1. The unbranched alkanes are named according to the number of alkanes of carbons. Examples: Methane, Ethane, Propane etc.
2. For alkanes containing branched carbon chains, the principal chain of the compound needs to be determined. This is the longest continuous carbon chain in the molecule.
3. In determining the principal chain sometimes, two or more chains in the molecule may have same number of carbons in their chains. In such a case, the chain having the greater number of branches is chosen as the principal chain of the molecule.
4. Numbers have to be given for the carbon atoms, to which the branches are attached. To give numbers, principal chain of the carbon atoms is numbered from the direction that gives the lower number to the first branching point.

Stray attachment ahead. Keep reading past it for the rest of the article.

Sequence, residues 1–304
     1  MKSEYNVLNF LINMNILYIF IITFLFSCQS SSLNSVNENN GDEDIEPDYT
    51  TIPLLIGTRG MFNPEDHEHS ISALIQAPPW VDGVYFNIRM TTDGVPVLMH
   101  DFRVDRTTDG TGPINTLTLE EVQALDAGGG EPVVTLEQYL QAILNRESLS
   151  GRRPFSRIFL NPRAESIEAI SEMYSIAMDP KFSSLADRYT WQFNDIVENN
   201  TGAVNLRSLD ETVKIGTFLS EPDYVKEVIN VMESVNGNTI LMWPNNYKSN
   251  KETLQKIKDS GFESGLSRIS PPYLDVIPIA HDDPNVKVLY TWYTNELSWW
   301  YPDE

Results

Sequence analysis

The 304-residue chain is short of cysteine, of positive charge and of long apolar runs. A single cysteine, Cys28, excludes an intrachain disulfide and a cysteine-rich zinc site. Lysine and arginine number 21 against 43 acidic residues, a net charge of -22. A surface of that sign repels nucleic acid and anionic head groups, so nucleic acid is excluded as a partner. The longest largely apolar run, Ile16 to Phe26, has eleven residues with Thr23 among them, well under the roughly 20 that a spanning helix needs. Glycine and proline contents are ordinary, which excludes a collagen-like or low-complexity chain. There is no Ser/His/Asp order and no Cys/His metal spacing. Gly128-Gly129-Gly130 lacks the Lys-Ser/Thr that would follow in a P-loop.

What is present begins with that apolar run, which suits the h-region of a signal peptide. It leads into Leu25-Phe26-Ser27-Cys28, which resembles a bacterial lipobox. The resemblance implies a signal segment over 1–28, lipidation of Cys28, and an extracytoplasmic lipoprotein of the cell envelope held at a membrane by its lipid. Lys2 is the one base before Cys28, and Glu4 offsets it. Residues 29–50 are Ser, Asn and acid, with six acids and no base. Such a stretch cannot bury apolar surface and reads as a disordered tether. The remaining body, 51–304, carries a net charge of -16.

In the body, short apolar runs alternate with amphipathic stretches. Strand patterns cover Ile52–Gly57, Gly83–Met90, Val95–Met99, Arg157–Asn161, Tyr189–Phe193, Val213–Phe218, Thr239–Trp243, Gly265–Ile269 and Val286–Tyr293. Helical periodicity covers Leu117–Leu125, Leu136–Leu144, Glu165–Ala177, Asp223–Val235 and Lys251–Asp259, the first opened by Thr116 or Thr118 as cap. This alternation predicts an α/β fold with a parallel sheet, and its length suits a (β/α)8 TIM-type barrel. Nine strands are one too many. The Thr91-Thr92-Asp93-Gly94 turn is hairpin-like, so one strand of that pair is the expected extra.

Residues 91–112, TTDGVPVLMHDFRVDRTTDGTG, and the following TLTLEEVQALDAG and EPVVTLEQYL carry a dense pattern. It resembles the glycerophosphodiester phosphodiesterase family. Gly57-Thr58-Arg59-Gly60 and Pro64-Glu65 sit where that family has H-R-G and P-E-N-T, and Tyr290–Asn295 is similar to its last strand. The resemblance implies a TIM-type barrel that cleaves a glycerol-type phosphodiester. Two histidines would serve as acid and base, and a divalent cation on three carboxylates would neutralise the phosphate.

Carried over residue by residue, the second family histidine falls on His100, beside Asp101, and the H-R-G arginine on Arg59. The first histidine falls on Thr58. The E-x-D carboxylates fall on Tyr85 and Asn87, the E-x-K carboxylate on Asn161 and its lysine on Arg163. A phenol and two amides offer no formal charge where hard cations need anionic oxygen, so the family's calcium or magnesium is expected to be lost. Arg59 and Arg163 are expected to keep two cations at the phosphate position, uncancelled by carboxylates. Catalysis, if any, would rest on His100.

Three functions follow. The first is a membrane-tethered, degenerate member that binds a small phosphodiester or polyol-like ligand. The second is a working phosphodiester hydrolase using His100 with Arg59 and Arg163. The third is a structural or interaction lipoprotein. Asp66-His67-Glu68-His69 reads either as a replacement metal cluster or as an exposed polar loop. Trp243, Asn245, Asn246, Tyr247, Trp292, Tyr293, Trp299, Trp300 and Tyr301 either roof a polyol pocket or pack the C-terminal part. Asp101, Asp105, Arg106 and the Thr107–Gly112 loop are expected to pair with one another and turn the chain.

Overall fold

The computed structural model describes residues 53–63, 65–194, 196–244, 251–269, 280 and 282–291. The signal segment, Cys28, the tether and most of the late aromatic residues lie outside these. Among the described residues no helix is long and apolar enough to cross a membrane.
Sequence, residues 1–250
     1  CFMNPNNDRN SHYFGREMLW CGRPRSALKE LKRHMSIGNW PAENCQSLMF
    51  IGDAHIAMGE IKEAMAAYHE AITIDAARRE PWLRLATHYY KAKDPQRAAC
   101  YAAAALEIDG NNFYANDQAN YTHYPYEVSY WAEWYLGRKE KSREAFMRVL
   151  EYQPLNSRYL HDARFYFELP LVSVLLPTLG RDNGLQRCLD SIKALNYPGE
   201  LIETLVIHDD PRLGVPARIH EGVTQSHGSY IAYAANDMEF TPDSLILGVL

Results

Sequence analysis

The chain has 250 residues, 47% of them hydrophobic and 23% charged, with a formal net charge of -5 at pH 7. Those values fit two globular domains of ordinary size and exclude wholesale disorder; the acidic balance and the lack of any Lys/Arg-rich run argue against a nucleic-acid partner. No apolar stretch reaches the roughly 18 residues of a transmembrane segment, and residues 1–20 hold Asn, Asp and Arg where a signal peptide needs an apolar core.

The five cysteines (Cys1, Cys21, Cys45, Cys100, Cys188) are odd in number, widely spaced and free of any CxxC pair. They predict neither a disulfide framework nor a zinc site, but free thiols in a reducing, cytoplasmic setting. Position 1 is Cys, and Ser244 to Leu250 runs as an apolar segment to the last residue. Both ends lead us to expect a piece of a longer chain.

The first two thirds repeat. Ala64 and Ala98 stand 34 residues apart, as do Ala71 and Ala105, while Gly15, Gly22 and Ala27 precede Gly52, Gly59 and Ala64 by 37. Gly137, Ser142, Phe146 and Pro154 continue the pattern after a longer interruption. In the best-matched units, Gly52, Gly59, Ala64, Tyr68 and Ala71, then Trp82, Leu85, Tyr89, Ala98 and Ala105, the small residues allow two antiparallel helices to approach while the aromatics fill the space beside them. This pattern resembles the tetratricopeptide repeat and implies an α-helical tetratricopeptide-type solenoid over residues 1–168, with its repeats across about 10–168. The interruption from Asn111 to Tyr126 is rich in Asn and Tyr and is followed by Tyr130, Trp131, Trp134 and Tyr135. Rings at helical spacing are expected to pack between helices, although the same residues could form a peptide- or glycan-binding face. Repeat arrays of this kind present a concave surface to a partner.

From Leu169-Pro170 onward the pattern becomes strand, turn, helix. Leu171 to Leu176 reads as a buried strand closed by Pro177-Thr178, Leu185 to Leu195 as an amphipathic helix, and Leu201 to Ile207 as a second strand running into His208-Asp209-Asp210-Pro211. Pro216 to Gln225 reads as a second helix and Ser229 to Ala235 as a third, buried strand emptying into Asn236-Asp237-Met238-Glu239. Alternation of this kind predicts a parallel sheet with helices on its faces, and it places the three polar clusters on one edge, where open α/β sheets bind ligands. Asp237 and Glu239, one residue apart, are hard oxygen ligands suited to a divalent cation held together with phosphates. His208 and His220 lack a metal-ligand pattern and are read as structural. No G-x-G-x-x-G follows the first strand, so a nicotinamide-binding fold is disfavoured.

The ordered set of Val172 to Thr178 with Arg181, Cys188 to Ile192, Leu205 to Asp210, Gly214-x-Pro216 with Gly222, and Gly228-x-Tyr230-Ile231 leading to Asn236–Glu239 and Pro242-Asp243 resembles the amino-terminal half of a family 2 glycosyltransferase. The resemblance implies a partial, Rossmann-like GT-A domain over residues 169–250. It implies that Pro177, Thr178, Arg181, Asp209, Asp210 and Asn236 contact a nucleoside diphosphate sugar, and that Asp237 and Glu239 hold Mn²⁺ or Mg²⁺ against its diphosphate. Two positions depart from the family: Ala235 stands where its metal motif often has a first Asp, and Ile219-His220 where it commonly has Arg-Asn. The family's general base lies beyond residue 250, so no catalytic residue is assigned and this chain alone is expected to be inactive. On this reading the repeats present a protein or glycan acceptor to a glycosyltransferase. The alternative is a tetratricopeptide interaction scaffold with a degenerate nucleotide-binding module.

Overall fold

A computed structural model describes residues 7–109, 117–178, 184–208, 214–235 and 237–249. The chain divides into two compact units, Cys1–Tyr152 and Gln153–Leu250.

5. Branching groups are in general termed as substituents. Each group is to be given an IUPAC name (prefix name) and is prefixed to the name of the principal chain of the molecule.
6. Compound is named according to the pattern “number- alkyl group prefix name principal chain name”. Name of the group (prefix) and name of the principal chain are written together as one word.
7. Where there are more than one substituent groups, each substituent group must be given its own number depending on the carbon to which it was attached.
8. In case of identical substituents, prefixes di, tri, tetra etc., are used before the group prefix name to indicate number of identical groups.
9. Substituent groups are written in alphabetical order regardless of their location in the principal chain but the prefixes di, tri… as well as the prefixes tert- and sec- are ignored in deciding the alphabetical order, and the prefixes iso, neo, and cyclo are considered.
10. If the number of carbon atoms of the principal chain from either gives identical numbers to the substituent attachment carbons, the direction which gives the lower number to the first written group (according to the alphabetical order) is chosen.